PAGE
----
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Talk examines residential school denialism

The University of Lethbridge heard guest speaker Sean Carleton (History and Indigenous Studies, University of Manitoba) on Wednesday afternoon, presenting “Truth Before Reconciliation: How to Identify and Combat Denial in Dormitories.” He spoke about how anti-Indigenous racism works and its impact on residential denial as an attack to undermine truth and reconciliation efforts in Canada.

“This can help us learn important lessons about how to recognize and combat the growing phenomenon of home school denial,” Carleton said.

“By definition, denialism is the denial or attempt to twist, misrepresent, or discredit basic facts based on well-documented evidence in favor of more controversial positions as a strategy. In this way, residential school denial is similar to climate change denial or vaccine denial.

“It’s a deliberate strategy, trying to shake public confidence in something,” he said.

Carleton cited former Canadian Senator Lynn Beyak as an example, citing her defense of Canada’s Indian residential school system, which led to her early departure from the Senate in 2021. Carleton also spoke about how the public faces denial.

“The Truth and Reconciliation Commission has shown Canadians evidence of how home schooling constitutes genocide, sparking a fierce public controversy.

The senator’s attempt to put a positive spin on a sad chapter in Canada’s history was not appreciated by many,” said Carleton.

“Following the 2017 comments, Bevak portrayed himself as a victim of politically motivated attacks on freedom of expression.”

Carleton’s talk helped inspire insight, but also knowledge of the importance of truth.

“It’s extremely important for everyone to understand what the boarding school experience was, but also what denial in boarding schools means,” said Tara Million, an assistant professor at the Institute of Indigenous Studies.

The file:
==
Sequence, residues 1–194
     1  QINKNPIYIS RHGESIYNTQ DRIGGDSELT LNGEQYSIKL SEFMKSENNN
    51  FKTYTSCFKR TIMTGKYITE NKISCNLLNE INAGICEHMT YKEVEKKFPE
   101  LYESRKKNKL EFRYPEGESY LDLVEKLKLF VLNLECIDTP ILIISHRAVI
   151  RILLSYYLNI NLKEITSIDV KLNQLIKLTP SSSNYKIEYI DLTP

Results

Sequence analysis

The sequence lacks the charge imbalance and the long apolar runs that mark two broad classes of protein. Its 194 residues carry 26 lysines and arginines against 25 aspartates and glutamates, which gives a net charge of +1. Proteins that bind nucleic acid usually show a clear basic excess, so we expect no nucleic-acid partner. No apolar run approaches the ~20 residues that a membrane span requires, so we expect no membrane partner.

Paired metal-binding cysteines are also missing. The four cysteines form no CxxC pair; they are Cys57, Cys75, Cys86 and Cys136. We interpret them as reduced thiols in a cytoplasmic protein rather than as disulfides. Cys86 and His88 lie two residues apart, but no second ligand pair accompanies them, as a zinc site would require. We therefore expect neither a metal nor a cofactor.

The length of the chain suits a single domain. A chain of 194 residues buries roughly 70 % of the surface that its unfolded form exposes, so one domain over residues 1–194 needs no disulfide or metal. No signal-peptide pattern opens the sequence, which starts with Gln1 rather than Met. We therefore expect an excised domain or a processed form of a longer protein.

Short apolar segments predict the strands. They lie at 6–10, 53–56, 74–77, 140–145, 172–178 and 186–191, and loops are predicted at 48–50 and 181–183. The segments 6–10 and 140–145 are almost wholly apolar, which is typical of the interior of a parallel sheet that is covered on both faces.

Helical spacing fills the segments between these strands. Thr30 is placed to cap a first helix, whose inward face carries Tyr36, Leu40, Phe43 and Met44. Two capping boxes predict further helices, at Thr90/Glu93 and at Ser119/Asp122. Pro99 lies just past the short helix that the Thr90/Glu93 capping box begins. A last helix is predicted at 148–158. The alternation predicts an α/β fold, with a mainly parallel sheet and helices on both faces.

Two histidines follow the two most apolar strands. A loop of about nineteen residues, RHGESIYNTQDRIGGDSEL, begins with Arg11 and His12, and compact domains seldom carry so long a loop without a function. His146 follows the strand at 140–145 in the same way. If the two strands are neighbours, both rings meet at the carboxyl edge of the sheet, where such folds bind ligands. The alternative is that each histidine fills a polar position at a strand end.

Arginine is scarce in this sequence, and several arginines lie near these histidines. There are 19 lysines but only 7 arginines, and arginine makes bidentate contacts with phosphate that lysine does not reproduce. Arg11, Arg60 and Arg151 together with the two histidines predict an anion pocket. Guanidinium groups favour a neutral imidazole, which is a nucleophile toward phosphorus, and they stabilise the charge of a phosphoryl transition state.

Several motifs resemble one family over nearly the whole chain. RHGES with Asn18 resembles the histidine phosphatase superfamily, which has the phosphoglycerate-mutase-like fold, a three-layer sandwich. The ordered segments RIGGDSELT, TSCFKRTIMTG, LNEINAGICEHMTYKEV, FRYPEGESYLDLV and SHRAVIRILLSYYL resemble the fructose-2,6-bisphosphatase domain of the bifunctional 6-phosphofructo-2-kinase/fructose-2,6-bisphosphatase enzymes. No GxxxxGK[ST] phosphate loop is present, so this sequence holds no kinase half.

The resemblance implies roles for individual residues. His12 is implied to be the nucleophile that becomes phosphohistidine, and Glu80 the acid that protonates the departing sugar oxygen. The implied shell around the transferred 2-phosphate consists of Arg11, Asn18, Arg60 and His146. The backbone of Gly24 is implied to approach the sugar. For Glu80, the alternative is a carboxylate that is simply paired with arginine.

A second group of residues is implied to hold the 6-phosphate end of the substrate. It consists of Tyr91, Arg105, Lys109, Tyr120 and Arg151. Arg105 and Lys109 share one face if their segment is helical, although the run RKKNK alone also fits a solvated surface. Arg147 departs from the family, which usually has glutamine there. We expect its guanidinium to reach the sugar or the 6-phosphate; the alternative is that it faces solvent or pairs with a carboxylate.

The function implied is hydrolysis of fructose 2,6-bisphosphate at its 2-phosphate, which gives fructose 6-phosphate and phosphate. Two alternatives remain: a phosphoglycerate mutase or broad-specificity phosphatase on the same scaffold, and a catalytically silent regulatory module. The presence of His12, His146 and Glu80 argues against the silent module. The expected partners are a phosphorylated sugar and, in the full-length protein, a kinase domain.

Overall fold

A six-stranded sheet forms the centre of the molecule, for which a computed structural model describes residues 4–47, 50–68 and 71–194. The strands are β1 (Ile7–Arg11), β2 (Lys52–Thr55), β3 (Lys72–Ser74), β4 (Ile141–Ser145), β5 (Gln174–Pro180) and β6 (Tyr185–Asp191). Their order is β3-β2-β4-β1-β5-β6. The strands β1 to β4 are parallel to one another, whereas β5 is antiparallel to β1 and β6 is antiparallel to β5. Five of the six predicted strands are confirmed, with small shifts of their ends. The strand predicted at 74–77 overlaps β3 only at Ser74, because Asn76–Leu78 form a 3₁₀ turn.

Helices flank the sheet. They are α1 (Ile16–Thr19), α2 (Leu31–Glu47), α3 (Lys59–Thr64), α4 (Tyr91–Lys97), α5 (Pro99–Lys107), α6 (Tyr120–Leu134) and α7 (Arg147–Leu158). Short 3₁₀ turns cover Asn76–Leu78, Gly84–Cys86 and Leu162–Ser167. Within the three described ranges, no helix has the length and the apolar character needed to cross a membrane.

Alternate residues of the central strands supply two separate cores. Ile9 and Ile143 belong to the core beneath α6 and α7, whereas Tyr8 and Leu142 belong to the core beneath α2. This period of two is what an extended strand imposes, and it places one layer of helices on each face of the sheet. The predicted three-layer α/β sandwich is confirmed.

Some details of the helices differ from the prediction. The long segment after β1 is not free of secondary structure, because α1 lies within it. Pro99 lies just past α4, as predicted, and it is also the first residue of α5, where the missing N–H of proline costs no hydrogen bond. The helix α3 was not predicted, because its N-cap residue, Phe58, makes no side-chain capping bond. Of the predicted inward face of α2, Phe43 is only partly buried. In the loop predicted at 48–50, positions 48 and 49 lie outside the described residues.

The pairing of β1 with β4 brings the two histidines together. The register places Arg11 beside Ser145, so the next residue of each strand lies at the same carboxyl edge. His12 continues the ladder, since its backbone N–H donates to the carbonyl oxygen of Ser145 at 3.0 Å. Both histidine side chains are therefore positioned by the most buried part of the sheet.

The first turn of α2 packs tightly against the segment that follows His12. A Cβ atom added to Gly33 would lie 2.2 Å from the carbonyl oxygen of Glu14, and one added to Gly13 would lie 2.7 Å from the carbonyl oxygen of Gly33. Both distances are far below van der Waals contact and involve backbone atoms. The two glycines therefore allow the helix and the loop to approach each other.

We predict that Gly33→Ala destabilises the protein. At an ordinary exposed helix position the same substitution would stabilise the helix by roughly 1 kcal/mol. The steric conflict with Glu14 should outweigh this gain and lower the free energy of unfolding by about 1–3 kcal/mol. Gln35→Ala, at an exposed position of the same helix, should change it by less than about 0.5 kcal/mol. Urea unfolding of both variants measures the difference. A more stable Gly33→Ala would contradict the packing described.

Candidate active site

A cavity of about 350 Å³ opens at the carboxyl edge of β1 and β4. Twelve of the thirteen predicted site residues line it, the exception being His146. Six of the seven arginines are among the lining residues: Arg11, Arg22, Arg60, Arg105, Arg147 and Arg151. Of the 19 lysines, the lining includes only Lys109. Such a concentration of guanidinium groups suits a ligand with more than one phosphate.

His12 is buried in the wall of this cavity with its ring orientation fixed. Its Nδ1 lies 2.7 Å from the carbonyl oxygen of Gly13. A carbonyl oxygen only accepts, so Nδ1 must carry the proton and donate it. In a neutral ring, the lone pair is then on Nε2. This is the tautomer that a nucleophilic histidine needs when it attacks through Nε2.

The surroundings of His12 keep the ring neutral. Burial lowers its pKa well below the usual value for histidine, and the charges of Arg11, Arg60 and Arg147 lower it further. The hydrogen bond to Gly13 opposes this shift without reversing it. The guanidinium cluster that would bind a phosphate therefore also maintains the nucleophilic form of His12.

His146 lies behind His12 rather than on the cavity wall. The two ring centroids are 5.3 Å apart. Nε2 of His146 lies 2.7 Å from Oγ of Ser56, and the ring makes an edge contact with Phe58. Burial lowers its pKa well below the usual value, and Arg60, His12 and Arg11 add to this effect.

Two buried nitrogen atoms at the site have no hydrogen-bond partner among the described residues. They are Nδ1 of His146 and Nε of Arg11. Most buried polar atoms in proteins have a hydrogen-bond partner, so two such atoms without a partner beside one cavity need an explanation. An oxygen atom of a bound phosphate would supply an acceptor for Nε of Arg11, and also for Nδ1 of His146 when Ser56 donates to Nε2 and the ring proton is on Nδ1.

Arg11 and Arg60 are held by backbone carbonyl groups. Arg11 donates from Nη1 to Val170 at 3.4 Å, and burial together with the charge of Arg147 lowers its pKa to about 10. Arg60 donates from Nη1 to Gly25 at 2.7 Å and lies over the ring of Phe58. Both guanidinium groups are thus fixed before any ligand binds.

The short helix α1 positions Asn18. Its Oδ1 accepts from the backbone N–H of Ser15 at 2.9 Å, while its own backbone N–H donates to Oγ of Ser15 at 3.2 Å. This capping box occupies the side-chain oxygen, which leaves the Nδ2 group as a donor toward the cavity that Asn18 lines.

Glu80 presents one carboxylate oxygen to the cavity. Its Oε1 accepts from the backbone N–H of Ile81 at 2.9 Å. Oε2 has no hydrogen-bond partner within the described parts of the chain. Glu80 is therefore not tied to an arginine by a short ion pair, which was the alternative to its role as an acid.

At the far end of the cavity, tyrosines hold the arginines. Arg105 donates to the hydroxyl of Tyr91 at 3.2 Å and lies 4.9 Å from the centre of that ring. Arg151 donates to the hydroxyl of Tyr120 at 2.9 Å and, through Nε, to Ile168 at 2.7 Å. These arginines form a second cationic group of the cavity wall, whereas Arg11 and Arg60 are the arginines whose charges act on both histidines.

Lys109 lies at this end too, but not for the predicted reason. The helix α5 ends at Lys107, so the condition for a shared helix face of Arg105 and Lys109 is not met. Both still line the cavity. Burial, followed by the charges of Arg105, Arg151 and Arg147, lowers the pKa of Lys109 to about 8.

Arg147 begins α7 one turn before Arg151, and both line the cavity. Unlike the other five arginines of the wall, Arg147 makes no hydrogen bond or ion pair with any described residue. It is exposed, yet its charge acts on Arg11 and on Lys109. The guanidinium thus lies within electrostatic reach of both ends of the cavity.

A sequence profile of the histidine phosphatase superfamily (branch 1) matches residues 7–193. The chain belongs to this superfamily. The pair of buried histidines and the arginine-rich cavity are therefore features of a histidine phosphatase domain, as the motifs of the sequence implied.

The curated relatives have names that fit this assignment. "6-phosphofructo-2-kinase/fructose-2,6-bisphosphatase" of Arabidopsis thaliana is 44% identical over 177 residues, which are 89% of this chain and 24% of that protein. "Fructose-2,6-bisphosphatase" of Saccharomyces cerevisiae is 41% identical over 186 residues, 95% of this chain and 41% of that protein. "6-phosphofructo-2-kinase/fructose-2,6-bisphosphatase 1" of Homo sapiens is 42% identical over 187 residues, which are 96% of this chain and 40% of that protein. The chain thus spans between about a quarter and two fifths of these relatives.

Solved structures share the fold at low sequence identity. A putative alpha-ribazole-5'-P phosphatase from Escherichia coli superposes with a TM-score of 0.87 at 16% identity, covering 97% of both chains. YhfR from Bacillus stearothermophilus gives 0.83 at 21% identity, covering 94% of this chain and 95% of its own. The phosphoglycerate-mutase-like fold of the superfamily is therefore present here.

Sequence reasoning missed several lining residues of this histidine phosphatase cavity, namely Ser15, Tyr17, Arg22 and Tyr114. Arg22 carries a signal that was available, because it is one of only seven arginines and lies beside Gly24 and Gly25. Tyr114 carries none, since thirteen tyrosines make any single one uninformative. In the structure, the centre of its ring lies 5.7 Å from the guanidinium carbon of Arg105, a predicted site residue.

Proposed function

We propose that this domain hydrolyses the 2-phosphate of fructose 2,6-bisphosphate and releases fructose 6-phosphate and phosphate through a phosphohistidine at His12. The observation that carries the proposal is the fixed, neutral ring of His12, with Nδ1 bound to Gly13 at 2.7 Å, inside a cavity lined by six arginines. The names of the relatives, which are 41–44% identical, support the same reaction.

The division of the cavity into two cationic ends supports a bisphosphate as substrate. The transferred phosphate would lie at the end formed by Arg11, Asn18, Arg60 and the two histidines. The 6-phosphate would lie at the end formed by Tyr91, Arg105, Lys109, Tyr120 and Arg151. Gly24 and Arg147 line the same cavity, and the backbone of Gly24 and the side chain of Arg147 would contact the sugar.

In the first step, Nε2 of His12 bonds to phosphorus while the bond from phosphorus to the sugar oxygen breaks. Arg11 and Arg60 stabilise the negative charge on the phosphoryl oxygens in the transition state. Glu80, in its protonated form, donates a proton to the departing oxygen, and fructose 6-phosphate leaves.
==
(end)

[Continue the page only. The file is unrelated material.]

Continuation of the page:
“To downplay the impact of boarding schools is generally a claim that boarding schools were not part of the cultural genocide, that they did not harm the children who attended them. It’s not a denial that the residential schools happened, but it’s a denial of the impact and intent of the schools.”

The talk emphasized the importance of truth and wanted to show the audience how parts of history can be erased when denial leads to discredit.

“An important part of reconciliation is the concept of truth and this idea that we as a society must collectively understand the truth of our colonial history. Colonization had a particular impact on indigenous peoples, in a very detrimental way. Part of that impact has been a policy of cultural genocide,” Millions said. “Reconciliation is important to our nation whether you are Indigenous or non-Indigenous or a recent immigrant. Because our society is built on the concepts of treaties, treaties that made a nation.”

The talk explored the concept of denial in relation to truth and atonement and the importance of understanding truth when it comes to our history.

“The decision to dispute, deny and discredit the findings of the commission is an excuse to avoid attending a reconciliation and to pause,” Carleton said. “You don’t have to deal with a story that you deny. But it is the past that Indigenous and non-Indigenous peoples living in Canada have been asked for in the Age of Truth and Reconciliation.”

Ryan Clarke, reporter for the local journalism initiative, Lethbridge Herald

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